If you're like me, you've probably thought of a drone as a "seek and destroy" kind of small plane that is used to hunt down terrorist activities in foreign countries.
But, when I recently read that Edward F. Davis, the Police Commissioner of Boston, was considering the use of drones for the 2014 marathon, I had to find out more about them. And, I learned some really interesting information that could change not only the face of running, but the face of law enforcement as a whole in the US.
|Police Commissioner of Boston, Edward F. Davis|
Photo by John Zaremba of the Boston Herald
First, what is a drone?
Its official name is an "unmanned aerial vehicle" (UAV) and they exist to conduct surveillance in areas that might otherwise be too difficult or risky for human-powered aircraft. They can be controlled in multiple ways, but most are through some form of remote control. Some UAV even can be set on their way and, once aloft, command themselves.
How are they used?
Again, primarily a piece of surveillance equipment, some drones are equipped with weaponry that can be deployed at a specific target thousands of feet or even miles away. By January of this year, the Pentagon operated more than 10,000 drones, including the Reaper and the Predator which weigh about 2,000 pounds (similar to a pick up truck.) Both can stay aloft for more than 24 hours, fly in untracked air space and may soon have the possibility to be remotely refueled.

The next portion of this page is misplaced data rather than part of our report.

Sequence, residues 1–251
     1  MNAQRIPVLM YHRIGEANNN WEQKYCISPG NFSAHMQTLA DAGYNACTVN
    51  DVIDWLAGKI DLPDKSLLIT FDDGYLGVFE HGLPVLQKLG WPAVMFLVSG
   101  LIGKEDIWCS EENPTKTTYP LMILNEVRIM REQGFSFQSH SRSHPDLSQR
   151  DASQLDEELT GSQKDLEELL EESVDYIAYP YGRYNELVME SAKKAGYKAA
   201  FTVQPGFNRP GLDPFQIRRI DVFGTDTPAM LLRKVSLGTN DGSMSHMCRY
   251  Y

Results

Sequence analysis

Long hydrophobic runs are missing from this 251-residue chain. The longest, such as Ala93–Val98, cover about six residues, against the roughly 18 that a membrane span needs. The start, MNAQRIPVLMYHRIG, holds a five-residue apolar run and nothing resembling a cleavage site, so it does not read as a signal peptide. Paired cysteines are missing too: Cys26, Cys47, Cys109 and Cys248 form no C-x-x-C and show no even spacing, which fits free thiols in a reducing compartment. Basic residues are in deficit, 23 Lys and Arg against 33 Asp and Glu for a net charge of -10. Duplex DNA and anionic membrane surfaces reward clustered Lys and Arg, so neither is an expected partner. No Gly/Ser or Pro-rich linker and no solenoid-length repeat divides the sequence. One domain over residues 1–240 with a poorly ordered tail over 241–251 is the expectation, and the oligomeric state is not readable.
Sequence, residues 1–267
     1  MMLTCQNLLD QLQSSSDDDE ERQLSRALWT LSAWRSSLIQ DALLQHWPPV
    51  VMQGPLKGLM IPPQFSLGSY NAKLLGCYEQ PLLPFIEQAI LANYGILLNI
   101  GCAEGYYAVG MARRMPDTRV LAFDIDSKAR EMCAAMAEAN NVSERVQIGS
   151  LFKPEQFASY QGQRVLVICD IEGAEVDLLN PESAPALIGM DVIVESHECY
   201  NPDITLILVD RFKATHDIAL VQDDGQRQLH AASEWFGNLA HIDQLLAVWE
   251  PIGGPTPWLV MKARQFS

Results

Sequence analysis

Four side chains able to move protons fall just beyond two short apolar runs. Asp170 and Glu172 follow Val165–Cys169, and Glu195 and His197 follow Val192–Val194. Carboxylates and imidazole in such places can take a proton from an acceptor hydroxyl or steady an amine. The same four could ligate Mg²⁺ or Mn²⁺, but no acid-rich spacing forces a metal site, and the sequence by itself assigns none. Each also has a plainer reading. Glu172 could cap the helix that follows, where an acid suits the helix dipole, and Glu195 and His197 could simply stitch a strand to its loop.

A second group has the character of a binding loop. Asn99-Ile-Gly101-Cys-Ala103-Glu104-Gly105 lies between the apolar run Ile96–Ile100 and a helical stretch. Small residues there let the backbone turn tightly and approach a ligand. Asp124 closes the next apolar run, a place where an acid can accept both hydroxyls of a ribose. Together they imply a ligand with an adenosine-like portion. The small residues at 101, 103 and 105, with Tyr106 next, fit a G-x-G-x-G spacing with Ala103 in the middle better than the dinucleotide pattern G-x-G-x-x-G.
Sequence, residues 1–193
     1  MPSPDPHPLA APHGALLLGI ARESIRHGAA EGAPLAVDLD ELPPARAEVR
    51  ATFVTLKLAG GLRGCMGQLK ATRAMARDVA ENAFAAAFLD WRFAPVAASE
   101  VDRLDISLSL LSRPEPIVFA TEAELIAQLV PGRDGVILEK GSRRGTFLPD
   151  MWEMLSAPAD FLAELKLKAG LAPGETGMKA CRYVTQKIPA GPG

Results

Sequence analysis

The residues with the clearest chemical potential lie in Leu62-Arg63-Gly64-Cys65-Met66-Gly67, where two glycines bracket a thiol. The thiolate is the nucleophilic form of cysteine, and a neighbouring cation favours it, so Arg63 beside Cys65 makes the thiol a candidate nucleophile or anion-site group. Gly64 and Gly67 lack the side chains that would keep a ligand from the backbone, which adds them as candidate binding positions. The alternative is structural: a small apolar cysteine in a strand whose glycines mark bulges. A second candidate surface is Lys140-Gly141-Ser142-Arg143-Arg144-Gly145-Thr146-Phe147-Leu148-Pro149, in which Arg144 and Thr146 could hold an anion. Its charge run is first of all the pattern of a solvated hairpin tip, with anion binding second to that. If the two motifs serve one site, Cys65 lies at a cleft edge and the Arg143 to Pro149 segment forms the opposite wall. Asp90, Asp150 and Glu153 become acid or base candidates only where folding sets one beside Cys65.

But, now other drones being designed for domestic use are much, much smaller, including "Backpack" drones that weigh only one to four pounds. This has given rise to even smaller "Hummingbird" drones that have much less flying time capacity, but weigh only about the size of a AA battery.
Equipping domestic UAVs with non-lethal weapons (like tasers and rubber bullets) is also being investigated.
What does that mean for a large event like a marathon?
A local law enforcement agency could deploy multiple drones that would continually fly over and provide images of what's happening below. They could even provide thermal imaging similar to what was used in capturing the second bomber of the 2013 marathon, who was hiding in a small boat to avoid detection.
That means that there would be a birds eye view of everyone on the street, allowing law enforcement to scan the crowd, look for suspicious activity and even use face recognition software to identify known persons of interest.
Most of the drones--especially the smaller ones--don't even make any noise, so the general attendee wouldn't even notice they were there. (Especially those of us who huff and puff for air as we run blissfully unaware of our surroundings anyway!)
How is that different?
Some proponents say this is nothing more than the use of security cameras or large scale numbers of people taking video and still pictures. And, Google Street View cars have captured all kinds of images as they travel the world!
|Google Street View cars on show at the CeBIT |
trade fair in Hanover, Germany, in March 2010.
Photograph: Daniel Mihailescu/AFP/Getty Images